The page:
It’s official: In today’s world, you can order breakfast, call in sick to work, and rent a movie still in theaters without exercising anything more than your vocal chords. Just ask one of your virtual assistants.
Ordering a large cheese pizza from an invisible digital assistant may seem like the pinnacle of IoT, but it still has a few more tricks up its sleeve. IIoT devices are one of them.
First things first: What is IIoT?
What is IIoT—or the Industrial Internet of Things? Simply put, it’s the application of IoT in an industrial setting to enhance production processes. Here are a few examples you may find floating around a factory near you:
- Augmented reality apps in tablets and smart glasses allow users to assess and improve production floor tasks automatically.
- Embedded devices can track and monitor fleet metrics to achieve greater route efficiency.
- Smart sensors on heavy machinery can provide greater maintenance visibility and even predict future failures.
IIoT devices can take just about any form you can imagine in the industrial process. If it’s industrial and connected to a network of similar devices, it’s probably IIoT.
Make sure you implement IIoT devices the right way
With enough of these connected sensors and devices, IIoT takes productivity and efficiency to the next level. We’re talking fully automated, smart factories. No—it’s not a pipe dream. In fact, Forbes recently detailed how IIoT is already ushering in the next industrial revolution.
That said, a smart factory isn’t necessarily a secure factory. How can you implement the right security protocols to mitigate IIoT security risks?
First up, know the threats facing your devices. Recent research from Gartner suggests that more than 25 percent of cyber attacks will involve IoT by 2020. Yes, that includes IIoT. Here’s what those attacks will likely consist of:
- Man-in-the-middle attacks intercepting data
- Denial-of-service attacks looking to disrupt industrial processes
- Malware that hijacks and compromises a device’s functionality
Aim to mitigate any and all threats
In reality, IIoT threats aren’t really that different from any other connected device. The bad guys are ultimately after the same things. With that in mind, let’s talk about securing your IIoT deployments from these attacks.
Now that you know what potential attacks may look like, you need to identify the most likely threat vectors in your IT environment:
- What’s the most likely source? (Remote, local, etc.)
- What’s the most likely target? (Data, hardware, service disruption, etc.)
- What’s the most likely vehicle? (Third-party malware, brute force, social engineering, etc.)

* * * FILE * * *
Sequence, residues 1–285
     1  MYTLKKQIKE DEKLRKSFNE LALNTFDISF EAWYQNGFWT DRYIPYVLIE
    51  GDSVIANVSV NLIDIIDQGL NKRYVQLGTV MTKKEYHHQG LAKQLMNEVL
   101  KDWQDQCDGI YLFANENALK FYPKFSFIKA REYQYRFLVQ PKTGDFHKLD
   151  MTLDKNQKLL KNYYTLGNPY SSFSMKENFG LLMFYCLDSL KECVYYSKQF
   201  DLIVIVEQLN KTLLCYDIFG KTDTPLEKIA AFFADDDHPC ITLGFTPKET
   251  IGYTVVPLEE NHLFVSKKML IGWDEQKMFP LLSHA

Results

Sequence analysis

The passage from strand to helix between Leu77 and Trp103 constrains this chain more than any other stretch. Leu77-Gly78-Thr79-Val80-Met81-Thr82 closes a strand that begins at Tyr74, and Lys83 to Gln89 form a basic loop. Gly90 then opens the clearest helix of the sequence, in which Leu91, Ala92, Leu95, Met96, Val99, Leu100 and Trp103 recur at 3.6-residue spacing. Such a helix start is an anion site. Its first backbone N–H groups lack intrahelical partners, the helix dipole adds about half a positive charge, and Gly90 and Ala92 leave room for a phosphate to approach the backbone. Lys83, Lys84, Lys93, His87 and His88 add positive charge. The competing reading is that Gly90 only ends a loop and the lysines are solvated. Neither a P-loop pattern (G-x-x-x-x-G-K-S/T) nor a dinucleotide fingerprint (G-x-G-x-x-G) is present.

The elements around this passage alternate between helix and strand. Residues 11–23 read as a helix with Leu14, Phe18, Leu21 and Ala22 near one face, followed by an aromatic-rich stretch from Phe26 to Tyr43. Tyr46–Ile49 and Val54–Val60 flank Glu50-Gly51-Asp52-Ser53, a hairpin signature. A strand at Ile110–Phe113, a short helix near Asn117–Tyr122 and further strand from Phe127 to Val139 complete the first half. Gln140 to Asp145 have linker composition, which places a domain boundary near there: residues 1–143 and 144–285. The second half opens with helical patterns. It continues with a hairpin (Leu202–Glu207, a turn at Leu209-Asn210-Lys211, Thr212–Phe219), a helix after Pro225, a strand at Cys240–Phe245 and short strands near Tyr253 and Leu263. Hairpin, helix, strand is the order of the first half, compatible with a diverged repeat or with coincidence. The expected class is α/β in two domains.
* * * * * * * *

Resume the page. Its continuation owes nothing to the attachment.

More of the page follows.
Asking these questions will help you formulate a useful picture of what IIoT security risks look like for your deployment.
Outline a secure implementation strategy
The next step is to define what a secure implementation looks like. Ideally, you should base this on your findings from the previous questions. For example, let’s say you’re putting in a fancy set of edge devices to track factory temperature and adjust accordingly. In that case, remote access, outdated firmware, and proximity to critical infrastructure are probably your main concerns.
Or maybe you’re looking to the future with a fleet of connected 3D printers to speed up the prototyping process. You’ll want to be sure proprietary data doesn’t linger on printers or fall into the wrong hands during transit.
In a nutshell, mitigating IIoT security risks can typically be accomplished by plugging vulnerabilities and increasing visibility. In the first example, this might look like segregating networks. After all, your new thermostats probably don’t need access to accounting databases.
Continuing with the 3D printing example, encrypting data in transit and at rest would be a great way to shore up potential vulnerabilities. When it comes to increasing visibility, centralization is a good place to start. Services that make it effortless to view the heartbeat of your IIoT army should be a high priority. Don’t forget to take a look at solutions that let you do more with less by automating routine security tasks—automated device configuration and threat detection can go a long way toward putting your mind and workload at ease.
IIoT has the potential to change the manufacturing industry as you know it. It also has an equal and opposite potential to compromise the integrity of your IT environment. With a little foresight, however, you can tap into all that IIoT devices have to offer—without the risk.